The Problem with The Brantley Blog


To anyone who is still here after my year long-hiatus from this blog, I feel like I owe you a big apology and an explanation.

The Brantley Blog was discontinued for two primary reasons.

Bad Feelings

What began as select drinking stories and misadventures from college slowly turned into a broader story arc of my coming of age after leaving home for the first time.  This was a natural evolution, but it came with a price.

I struggled with a lot of loneliness in my first semester of college.  During my second semester, I finally made friends and I got really close with a lot of people who didn’t have much in common with me other than our shared affinity for inebriation.  This didn’t end well.

Petty conflicts, jealousies, and certain individuals’ affliction of talking about people behind their backs led my group of friends to a boiling point.  We all met on top of a parking garage to air out our grievances with each other in a structured act of full disclosure.  We called it, I kid you not, a “Pickle Pow Wow.”   Instead of the kindergarten classroom tool of a “talking stick” with which speakers take turns so that they don’t end up shouting over top each other, we passed around a pickle in a pouch.

Tears were shed, hugs exchanged, bandaids applied to minor emotional scratches and wounds, but deep down we all knew that the group of friends was doomed to collapse in on itself.

I know that this is all incredibly stupid and “high school” dramatic, but it really genuinely mattered to me back then.  A lot of people that I cared about stabbed me in the back and friends that I tried to help resented my efforts.  It left a sour taste in my mouth.

Needless to say, the fun of mocking my youthful naivety and the joy of embellishing drinking tales were far preferable to describing how I lost numerous close friends over the course of just a few short months.  When the story that I was telling one blog post at a time reached this point, I suddenly found myself unmotivated to continue.  These events weren’t much fun to write about and I assumed that it wouldn’t be much fun to read.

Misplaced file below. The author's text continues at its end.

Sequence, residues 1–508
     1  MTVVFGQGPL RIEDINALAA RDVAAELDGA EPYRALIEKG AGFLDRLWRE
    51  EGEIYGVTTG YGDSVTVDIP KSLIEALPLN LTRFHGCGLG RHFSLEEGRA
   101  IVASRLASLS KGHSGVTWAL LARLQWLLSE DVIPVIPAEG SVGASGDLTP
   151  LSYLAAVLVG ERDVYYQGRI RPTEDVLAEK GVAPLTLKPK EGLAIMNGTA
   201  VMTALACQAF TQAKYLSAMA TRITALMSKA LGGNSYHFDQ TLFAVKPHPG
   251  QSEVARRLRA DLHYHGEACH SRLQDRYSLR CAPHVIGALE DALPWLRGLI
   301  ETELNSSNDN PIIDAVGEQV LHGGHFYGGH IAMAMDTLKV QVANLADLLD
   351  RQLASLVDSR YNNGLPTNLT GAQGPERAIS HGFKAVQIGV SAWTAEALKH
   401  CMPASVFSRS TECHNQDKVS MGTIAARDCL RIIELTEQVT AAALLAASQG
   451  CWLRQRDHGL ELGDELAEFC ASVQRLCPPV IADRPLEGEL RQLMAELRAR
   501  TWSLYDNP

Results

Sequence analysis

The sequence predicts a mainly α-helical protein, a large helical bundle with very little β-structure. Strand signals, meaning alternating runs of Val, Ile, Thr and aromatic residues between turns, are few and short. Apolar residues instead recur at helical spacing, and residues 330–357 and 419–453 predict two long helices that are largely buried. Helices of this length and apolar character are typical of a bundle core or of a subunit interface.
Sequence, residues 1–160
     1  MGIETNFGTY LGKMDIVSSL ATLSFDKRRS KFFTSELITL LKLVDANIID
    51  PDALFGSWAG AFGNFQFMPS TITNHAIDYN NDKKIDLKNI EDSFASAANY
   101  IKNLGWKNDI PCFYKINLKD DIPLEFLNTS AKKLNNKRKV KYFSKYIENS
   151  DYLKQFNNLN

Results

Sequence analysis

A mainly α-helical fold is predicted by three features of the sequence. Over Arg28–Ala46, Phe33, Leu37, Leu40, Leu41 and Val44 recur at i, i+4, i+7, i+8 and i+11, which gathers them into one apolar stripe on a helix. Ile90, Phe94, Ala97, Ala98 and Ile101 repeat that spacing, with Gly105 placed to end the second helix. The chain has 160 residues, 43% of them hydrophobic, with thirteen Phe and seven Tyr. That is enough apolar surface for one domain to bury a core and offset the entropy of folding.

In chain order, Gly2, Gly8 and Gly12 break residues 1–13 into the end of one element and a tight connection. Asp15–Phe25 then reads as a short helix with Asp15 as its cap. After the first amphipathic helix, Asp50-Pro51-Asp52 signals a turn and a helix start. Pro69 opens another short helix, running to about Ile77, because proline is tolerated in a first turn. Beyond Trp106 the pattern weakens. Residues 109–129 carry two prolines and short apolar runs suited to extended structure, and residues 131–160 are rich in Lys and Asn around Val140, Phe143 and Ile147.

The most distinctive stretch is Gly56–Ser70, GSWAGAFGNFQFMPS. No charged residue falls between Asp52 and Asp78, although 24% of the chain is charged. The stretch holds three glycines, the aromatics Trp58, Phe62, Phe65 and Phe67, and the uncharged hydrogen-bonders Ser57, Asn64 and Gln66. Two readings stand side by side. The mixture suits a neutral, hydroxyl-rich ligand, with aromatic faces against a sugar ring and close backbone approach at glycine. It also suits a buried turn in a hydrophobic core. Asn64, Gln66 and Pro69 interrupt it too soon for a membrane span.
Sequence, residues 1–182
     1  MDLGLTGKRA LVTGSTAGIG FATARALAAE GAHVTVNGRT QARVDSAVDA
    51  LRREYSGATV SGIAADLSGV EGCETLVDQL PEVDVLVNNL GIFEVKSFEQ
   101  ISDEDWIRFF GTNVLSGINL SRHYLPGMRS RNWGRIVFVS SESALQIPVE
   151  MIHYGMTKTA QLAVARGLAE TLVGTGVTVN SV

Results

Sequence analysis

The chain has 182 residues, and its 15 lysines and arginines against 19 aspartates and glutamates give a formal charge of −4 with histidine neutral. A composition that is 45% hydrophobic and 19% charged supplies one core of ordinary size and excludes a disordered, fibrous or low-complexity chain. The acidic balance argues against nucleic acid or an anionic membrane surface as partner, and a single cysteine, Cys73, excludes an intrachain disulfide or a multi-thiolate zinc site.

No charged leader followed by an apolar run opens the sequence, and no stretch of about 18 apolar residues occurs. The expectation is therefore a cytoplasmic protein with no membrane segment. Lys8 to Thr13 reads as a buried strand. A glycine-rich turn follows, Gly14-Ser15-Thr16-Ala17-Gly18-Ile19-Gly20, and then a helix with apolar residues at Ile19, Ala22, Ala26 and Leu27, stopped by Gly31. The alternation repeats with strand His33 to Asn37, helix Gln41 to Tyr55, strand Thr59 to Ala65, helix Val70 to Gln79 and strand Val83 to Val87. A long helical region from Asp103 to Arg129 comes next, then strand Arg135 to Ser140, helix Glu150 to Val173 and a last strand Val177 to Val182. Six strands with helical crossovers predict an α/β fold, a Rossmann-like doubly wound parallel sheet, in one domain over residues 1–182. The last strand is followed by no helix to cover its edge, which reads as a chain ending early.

I had it in my head that someone out there was piecing these individual posts together and reading them like a book; that this heavily foreshadowed climax was hotly anticipated.  I put a great deal of imaginary pressure on myself to get the story right.

Now I know that this was a silly thing to think.  I understand that blogs are typically consumed piece by piece rather than as a unit and that I could have neglected the hard parts of the story and nobody would have noticed.  But it was still enough to suck the fun out of The Brantley Blog for me.

Brantley:  The Great Disappointment

A recurring problem that I had with weaving my underage drinking stories was the looming presence of my parents in the back of my mind.  Both mother and father had recently joined Facebook and had dropped comments (Mom especially) here and there that made social networking lose its luster.  Thoughts of the shit storm that would arise should they find my blog and read about my youthful mistakes (most of which were intentional) prevailed over every revision and every edit of every post.

Over the last month or so, I’ve come to realize that it goes much deeper than fear of my parents finding out that I enjoyed being a little troublemaker in college.  A big part of my tendency to hold back in my writing has been knowledge of their inevitable disapproval of what I have to say.

You see, my parents are very religious.  As a kid, I remember my Dad making this objection throat clearing noise every time a character in a movie swore.  I remember him changing radio stations and calling certain pop songs “garbage.”  I remember my Mom forbidding me from seeing certain movies and how upset she was when she found out that I had used Napster to burn CDs with cuss words in them.

I, on the other hand, have more or less oscillated between atheism and agnosticism ever since the day that my parents decided that I was too old to get away with napping during church services.  I used to lay my head down in the pew every Sunday morning and rely on my family to wake me when it was all over.  Once that was no longer an option, I found myself increasingly uninterested in the entire body of rituals.

Every part of my worldview is so radically different from my parents that it makes for awkward silences during the holidays.  It would be stupid to let my political opinions alienate me from them, but at the same time, there are certain things that I feel very strongly about and it becomes really difficult to see any basic human decency in differing opinions on some issues.

Really, the worst part is that I get the feeling that they don’t even notice these awkward silences, these times that I shut my mouth in polite dissent.  It makes me feel like they probably don’t know very much about me and who I am, who I became once I left their house.